Susan Saccoccia

Contributing writer

Susan Saccocia is an independent writer whose essays, features, profiles and reviews explore theater, visual arts, jazz and dance in the U.S. and overseas. A regular contributor to the Bay State Banner, Susan has also been published in Art New England ,The Christian Science Monitor, The Washington Post, The Boston Globe, Boston Magazine and other regional and nationwide media. An award-winning arts writer, Susan is also the recipient of three National Endowment for the Arts fellowships in arts journalism among other honors.

Recent Stories

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A Love Supreme

Wynton Marsalis and Jazz at Lincoln Center Orchestra play John Coltrane

The power, variety and virtuosity of big-band jazz were on show Sunday evening at Symphony Hall. In a presentation of the Celebrity Series of Boston, the Jazz at Lincoln Center Orchestra with Wynton Marsalis performed a two-hour concert of music composed or reinvented by saxophonist John Coltrane.

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‘Dunces’ on stage widely anticipated

Nick Offerman to star in Huntington Theatre Company production

Adapted by Jeffrey Hatcher from the Pulitzer Prize-winning novel by John Kennedy Toole and directed by David Esbjornson, the production features Nick Offerman (Ron Swanson in NBC’s “Parks and Recreation”) in the lead role of Ignatius J. Reilly, a scholarly, overweight slacker who lives with his mother in 1960s New Orleans.

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Vietnam memorial artist to construct new project

Maya Lin’s work will focus on climate change

Maya Lin, an award-winning architect and artist, is developing what she describes as her “last memorial.” Its goal: to reveal and reverse losses of species and habitats due to climate change.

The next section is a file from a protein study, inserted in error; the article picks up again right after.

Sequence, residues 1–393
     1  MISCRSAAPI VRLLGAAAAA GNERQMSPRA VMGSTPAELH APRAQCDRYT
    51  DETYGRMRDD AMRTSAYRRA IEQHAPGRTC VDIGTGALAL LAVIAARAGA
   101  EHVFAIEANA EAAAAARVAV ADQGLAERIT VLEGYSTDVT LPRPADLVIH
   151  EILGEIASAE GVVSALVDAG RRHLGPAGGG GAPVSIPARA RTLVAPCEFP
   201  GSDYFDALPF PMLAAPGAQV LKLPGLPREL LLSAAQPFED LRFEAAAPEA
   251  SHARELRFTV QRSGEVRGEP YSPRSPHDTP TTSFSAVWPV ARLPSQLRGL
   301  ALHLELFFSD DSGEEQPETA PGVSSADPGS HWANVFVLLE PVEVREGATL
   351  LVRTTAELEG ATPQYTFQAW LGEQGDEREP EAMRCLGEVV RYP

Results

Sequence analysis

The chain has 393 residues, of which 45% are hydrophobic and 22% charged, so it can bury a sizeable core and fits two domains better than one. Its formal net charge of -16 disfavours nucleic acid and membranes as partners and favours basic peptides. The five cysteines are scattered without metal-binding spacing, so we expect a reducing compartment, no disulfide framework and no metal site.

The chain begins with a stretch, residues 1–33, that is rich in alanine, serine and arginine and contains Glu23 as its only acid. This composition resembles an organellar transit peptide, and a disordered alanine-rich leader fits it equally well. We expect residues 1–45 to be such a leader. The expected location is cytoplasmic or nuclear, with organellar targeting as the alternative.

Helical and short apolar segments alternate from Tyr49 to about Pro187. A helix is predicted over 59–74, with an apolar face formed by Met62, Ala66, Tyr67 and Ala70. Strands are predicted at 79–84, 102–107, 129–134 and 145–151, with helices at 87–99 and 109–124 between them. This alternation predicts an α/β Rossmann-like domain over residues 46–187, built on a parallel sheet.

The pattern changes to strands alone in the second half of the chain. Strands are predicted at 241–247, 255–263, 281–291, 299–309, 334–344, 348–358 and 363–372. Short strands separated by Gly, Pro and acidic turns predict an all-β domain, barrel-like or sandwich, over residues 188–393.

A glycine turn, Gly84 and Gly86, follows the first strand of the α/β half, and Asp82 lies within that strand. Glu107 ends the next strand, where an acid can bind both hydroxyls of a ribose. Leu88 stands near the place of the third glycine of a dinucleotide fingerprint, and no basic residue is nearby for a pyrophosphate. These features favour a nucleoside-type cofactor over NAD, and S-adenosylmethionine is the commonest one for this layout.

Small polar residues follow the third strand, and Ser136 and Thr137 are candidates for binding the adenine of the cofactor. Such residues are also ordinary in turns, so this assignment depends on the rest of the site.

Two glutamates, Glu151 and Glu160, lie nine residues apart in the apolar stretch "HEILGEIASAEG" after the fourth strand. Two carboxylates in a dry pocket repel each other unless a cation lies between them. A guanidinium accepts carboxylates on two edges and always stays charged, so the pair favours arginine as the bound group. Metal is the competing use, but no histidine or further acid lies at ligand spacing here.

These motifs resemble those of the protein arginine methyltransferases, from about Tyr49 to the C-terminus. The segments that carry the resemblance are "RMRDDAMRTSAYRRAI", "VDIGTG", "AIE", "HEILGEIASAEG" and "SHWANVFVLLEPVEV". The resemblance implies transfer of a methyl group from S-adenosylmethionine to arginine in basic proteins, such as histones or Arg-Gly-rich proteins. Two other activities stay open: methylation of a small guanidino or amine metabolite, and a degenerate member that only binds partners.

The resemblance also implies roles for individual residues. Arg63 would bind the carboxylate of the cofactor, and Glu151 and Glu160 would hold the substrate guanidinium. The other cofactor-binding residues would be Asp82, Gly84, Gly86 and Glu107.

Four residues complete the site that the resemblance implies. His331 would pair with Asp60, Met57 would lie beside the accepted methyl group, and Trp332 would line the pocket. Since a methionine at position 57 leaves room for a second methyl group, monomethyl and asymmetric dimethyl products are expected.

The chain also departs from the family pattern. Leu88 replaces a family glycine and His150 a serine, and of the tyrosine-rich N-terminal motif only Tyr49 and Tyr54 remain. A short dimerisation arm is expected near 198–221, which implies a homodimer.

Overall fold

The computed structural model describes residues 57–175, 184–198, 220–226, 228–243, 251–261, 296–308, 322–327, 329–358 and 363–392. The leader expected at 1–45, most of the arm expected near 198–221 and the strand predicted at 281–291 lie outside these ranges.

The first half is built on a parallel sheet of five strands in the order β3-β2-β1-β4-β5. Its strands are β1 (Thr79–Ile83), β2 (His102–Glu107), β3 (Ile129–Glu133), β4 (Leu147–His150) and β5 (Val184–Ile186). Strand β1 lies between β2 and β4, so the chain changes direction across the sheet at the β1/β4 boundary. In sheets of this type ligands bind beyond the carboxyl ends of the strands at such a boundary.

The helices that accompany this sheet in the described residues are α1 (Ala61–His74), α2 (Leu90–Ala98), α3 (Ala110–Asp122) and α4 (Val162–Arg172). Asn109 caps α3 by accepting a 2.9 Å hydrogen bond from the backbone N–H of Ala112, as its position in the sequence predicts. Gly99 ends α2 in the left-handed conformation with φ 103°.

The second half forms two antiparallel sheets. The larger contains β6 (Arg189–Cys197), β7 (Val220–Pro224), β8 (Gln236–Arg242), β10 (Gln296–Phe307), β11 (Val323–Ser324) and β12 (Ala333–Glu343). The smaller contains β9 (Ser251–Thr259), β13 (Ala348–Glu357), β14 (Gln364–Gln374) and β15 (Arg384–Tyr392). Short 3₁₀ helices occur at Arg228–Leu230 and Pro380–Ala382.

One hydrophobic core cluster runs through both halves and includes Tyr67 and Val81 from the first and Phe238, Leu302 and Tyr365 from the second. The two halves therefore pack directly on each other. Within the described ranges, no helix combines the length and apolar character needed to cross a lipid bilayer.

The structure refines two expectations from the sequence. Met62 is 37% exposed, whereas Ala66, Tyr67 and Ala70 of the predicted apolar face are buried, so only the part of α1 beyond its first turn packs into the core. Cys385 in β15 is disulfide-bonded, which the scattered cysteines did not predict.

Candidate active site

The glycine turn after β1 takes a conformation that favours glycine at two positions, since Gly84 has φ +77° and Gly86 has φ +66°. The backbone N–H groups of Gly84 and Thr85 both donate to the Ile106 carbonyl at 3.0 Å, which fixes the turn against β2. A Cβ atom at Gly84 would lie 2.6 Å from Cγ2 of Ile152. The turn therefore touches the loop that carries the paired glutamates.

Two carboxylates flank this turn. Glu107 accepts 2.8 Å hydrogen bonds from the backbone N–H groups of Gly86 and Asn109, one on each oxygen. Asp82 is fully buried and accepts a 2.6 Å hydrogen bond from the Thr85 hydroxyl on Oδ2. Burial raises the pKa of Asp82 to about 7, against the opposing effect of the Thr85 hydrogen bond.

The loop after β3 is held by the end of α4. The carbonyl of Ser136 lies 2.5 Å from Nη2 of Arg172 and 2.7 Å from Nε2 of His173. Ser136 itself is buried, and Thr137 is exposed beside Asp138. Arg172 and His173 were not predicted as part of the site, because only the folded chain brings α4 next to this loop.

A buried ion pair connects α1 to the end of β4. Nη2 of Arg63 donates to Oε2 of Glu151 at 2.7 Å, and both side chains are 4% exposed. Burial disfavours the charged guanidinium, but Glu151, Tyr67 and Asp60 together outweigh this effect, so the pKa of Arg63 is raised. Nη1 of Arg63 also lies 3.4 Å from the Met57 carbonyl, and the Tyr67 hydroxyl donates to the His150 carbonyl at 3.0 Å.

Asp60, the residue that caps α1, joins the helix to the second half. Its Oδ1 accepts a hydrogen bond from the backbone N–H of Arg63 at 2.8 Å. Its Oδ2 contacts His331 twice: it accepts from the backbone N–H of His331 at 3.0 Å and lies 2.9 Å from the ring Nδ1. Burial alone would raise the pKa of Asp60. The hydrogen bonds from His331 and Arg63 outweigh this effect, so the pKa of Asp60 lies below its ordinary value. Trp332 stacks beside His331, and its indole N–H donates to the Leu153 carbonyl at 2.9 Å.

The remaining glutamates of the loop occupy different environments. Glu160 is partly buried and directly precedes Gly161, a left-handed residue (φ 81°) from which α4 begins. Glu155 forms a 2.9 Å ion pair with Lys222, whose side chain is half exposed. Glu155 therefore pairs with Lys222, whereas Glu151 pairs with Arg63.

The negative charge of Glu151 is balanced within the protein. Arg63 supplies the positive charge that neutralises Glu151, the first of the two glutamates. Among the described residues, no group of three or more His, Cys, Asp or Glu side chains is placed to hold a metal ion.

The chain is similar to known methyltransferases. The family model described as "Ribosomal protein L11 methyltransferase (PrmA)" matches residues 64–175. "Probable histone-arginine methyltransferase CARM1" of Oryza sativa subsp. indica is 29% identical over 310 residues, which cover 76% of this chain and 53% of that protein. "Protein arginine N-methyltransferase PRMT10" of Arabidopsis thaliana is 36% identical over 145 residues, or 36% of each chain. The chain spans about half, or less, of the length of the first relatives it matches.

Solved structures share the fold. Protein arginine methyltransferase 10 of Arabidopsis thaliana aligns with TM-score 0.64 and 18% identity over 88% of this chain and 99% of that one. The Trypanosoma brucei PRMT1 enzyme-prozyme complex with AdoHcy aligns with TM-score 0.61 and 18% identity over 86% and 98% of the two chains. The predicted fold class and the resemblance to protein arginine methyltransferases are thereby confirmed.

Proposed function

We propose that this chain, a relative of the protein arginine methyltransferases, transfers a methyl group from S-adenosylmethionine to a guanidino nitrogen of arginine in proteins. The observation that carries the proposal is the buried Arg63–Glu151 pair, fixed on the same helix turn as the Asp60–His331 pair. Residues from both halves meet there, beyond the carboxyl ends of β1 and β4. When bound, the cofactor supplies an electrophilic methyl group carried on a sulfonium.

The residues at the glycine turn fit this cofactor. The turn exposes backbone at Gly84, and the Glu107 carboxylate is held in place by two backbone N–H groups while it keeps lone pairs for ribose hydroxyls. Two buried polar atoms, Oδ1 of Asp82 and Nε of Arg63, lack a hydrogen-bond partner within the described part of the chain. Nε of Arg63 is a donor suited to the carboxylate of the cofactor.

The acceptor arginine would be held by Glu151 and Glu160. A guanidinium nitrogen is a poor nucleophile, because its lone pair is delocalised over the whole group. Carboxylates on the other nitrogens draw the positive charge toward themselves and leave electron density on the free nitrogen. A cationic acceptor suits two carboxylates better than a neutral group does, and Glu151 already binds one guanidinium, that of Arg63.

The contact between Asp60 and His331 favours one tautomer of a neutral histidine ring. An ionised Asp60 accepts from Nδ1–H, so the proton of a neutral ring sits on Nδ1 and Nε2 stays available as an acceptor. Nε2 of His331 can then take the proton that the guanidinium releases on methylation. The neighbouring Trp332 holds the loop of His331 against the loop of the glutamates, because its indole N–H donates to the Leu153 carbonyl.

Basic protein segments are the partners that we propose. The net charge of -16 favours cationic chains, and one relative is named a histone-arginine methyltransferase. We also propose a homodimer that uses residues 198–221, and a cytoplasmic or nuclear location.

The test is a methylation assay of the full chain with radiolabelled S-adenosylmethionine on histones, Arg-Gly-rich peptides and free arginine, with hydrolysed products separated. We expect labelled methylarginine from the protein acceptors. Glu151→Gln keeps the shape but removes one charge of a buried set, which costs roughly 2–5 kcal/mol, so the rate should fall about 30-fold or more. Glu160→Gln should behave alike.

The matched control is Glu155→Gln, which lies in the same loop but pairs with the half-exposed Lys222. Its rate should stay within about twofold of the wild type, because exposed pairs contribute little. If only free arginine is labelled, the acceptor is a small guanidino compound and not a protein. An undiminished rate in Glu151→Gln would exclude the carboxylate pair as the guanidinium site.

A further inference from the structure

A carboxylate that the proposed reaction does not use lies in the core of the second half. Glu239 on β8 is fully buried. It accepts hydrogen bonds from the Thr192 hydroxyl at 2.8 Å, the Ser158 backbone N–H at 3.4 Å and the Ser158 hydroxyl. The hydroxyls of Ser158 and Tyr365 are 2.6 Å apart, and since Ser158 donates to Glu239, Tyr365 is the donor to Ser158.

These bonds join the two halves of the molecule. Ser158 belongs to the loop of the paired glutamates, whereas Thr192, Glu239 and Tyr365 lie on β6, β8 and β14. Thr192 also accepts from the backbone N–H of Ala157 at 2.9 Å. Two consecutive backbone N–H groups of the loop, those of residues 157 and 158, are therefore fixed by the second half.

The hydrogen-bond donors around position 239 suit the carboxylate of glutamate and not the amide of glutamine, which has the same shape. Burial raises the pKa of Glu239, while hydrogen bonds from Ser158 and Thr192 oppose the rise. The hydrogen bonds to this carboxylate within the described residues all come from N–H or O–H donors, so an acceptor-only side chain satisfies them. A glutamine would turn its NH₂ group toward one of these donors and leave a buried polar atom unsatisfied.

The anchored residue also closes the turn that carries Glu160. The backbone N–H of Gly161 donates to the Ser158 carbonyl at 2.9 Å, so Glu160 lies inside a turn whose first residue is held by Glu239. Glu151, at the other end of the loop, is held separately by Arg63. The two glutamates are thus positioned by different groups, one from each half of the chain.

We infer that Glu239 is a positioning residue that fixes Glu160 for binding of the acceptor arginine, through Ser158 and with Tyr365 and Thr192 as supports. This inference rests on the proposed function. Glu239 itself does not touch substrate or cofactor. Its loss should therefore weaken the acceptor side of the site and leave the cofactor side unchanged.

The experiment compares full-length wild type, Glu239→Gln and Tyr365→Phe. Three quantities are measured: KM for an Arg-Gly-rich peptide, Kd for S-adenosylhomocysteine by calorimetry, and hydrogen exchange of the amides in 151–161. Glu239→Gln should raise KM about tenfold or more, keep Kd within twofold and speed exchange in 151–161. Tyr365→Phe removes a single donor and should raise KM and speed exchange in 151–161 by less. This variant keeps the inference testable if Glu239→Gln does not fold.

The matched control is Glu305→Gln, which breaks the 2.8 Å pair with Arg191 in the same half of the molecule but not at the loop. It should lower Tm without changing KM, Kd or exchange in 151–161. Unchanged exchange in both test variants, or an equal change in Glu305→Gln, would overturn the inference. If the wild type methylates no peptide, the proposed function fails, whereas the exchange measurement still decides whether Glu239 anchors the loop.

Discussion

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Pop artist’s works stir the spirit

“Corita Kent and the Language of Pop” comes to Cambridge

The power of Corita Kent’s art to stir the spirit as well as her stature as a leading figure in Pop Art are evident in the exhilarating exhibition, “Corita Kent and the Language of Pop,” on view through January 3, 2016, at the Harvard Art Museums in Cambridge. Harvard’s show is the first to present Kent and her work in the context of fellow pop artists.

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‘Van Gogh and Nature’ showcases artist’s evolution

Forty-five of the artist’s works on display at the Clark Art Institute

“Van Gogh and Nature,” an enthralling exhibition at the Sterling and Francine Clark Art Institute in Williamstown, MA, through September 13, explores the evolution of Van Gogh’s unique style as the distilled essence of his life-long relationship with nature.

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Audra McDonald radiates in Eugene O’Neill’s ‘Moon for the Misbegotten’

Audra McDonald radiates vitality, whether she is holding an audience rapt at an evening-length Symphony Hall concert or performing in musicals, plays, operas, film and television. These roles include Bess in American Repertory Theater’s “The Gershwins’ Porgy and Bess,” which debuted here and then moved to Broadway in 2012, earning McDonald one of her record-breaking six Tony Awards.

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Shakespeare on the Common

‘King Lear’ will be performed through August 9

The Commonwealth Shakespeare Company opens its magnificent production of “King Lear,” on stage at the Boston Common through August 9.

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ICA exhibit piques viewers’ imaginations

Artist Arlene Shechet orchestrated the entire ICA exhibition piece by piece and room by room, a form of installation art that invites visitors to share her discoveries as she turns her materials—plaster, glass, porcelain, paper pulp and clay—into solid objects.

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Cirque du Soleil brings ‘Varekai’ to Boston

Circus troupe performed six shows at Agganis Arena

The Cirque du Soleil troupe restaged a 15-year-old production entitled “Varekai, Tales of the Forest” that is engineered to suit such a space, where seating for 7,200 accommodates a crowd almost threefold larger than an audience for big top shows. But bigger, as they say, is not always better.

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Salem museum displays paintings of Thomas Hart Benton

An artist of his time, painter Thomas Hart Benton (1889-1975) chronicled what it meant to be an American in the 20th century, when the nation was a democracy on the rise. Artists of all kinds were exploring the American character, not only in visual arts, but in novels, music, plays, photography and the century’s new medium — movies.

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